You got yourself a brand spanking new character. This is where the fun begins. Your new character will start out with a handful of skills (use "show skills" to view your skills) and most likely, weapons and armor (use "i" to show your inventory and "eq" to view your equipment). You can use "wear all" to wear your equipment and "wield <weaponname>" to wield your weapon. Typing score shows you general information about your character.

Depending on your race, you will have certain body parts which can be covered by equipment. Use show limbs to display your body parts and the equipment covering them. This becomes very important in combat, as each body part can be targeted and damaged while fighting - see the combat section for more information on the combat system. Quick summary: if the hit points of a limb gets to zero, it will be disabled and will only become usable again when the hit points get back to 100%. If the hit points get to -100%, the limb falls off and will have to be either reattached or regenerated by a cleric.

Because you receive experience for exploring the world, you can get your character started without any fighting at all; just find new places to check out. You start off with your homeland (presumably Losthaven) considered fully explored, so you won't get any experience for wandering its streets, but there are several areas within it that you will get experience for exploring, such as the Hall of Legends, the Losthaven Arena, the Losthaven sewers, and the Shrieking Siren (a ship at the docks). And, of course, you can leave Losthaven and explore as much of the wide world as you like, though watch out for danger!

Improving your character

At level one, not surprisingly, you won't be able to kill many things. A 'traditional' way to start is with bashing rats in the Losthaven sewers, though it is rarely (if ever) productive for gaining experience. You do, however, improve skills by 'doing', so you can improve your combat-related skills by fighting rats while setting your combat mode to studious or cautious. It is important to note that engaging in "non-productive combat" - that is, combat where no damage is being traded - now incurs an experience penalty after some time, so it is generally not wise to do this in defensive combat mode.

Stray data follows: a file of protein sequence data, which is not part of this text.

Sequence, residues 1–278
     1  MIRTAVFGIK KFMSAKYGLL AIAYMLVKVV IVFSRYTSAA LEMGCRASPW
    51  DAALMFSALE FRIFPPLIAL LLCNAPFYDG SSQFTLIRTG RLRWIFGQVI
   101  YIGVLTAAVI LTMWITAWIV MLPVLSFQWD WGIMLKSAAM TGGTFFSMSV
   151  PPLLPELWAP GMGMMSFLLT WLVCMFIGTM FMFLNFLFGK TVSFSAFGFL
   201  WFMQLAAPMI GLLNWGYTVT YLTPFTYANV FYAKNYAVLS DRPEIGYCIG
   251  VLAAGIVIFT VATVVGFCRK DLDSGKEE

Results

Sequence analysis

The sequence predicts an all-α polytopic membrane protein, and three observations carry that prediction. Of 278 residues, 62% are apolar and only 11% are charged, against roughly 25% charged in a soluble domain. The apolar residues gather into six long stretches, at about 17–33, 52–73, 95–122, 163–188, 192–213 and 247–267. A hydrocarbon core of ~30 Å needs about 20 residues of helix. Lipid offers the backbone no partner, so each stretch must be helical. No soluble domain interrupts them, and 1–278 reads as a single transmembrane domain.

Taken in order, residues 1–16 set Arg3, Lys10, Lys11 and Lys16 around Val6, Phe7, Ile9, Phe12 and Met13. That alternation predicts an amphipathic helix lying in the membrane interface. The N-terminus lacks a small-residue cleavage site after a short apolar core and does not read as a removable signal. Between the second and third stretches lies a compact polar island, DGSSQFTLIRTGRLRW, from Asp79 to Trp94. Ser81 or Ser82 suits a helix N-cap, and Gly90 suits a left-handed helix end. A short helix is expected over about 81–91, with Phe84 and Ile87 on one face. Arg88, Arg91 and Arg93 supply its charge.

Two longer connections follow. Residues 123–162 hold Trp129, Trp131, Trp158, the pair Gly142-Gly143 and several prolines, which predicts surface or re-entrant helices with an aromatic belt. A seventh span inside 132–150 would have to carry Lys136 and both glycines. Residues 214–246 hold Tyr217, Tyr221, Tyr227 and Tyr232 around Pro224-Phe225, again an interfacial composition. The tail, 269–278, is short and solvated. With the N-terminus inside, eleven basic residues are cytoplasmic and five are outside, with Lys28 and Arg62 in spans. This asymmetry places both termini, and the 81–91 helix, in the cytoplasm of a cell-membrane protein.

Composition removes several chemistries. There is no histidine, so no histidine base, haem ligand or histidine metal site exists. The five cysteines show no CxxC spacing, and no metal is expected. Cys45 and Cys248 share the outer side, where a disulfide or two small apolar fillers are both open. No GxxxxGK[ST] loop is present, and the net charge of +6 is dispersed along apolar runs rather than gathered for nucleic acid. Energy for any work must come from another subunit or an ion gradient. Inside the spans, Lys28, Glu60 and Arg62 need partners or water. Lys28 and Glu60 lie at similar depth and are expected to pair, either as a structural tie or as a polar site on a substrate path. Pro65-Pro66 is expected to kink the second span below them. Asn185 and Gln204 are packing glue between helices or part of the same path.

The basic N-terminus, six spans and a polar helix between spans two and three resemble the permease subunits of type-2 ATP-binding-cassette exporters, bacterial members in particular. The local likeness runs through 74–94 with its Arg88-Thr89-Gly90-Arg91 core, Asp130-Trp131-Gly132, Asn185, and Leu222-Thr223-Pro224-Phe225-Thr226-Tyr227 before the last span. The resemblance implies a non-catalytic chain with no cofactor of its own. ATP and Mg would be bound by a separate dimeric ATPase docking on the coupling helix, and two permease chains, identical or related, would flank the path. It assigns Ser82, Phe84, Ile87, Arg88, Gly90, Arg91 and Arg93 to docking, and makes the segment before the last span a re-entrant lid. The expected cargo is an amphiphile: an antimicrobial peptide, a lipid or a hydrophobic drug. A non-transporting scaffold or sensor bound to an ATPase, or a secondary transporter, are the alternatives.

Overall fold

Another great option for players to improve their character is by performing Challenges given by Travelers. There is generally (but not always) a Traveller online who will be able to offer you challenges, which are a sort of personal mission, with a goal (exploration, questing, etc) along with a hurdle (deafness, fragility, no flying, etc). As a pacifist who has never killed anything in the game, you will not be given any combat-related challenges, so this can be a great option for new characters to not only explore the game, but also advance their characters and also save up lives.

If killing is your thing, there are a number of options, ranging in difficulty:

  • The Losthaven Sewers has rats, as well as harder Skaven.
  • The Shrieking Siren has rats in the bottom holds, as well as a variety of dwarves.
  • Spiderwood has regular, as well as giant spiders to fight, though you'll want to bring a lit torch to burn away webs.
  • Halfmoon Bay has citizens, guards, and thugs, all of which can be killed, though some will assist each other.
  • Darkhold has a variety of urgai and trullja which, while generally aggressive, are not terribly difficult if one has trained up their combat skills.
  • Og has niedrisi that should be a reasonable challenge for newer players and provide a good stepping stone to later areas.
  • St Paedric's Monastery has acolytes which, while they assist each other and have magical attacks, provide reasonable experience.

Others have also recommended Thistlewood and Togrek, though it should be noted that the guards in Togrek are aggressive and do tend to swarm.


Lost Souls is an extremely flexible hack and slash game. We have non hack and slash elements, and we don't always intend to remain a primarily hack and slash game, but that's what we are for now.

As such, the goals the game encourages are gaining experience and developing your skills. The goals we, the developers and experienced players of the game, encourage are exploration and interaction with other players and your environment.

Because we strive to be flexible and interesting, there is something of a learning curve; what you need to know immediately is:

Don't kill anyone in Losthaven.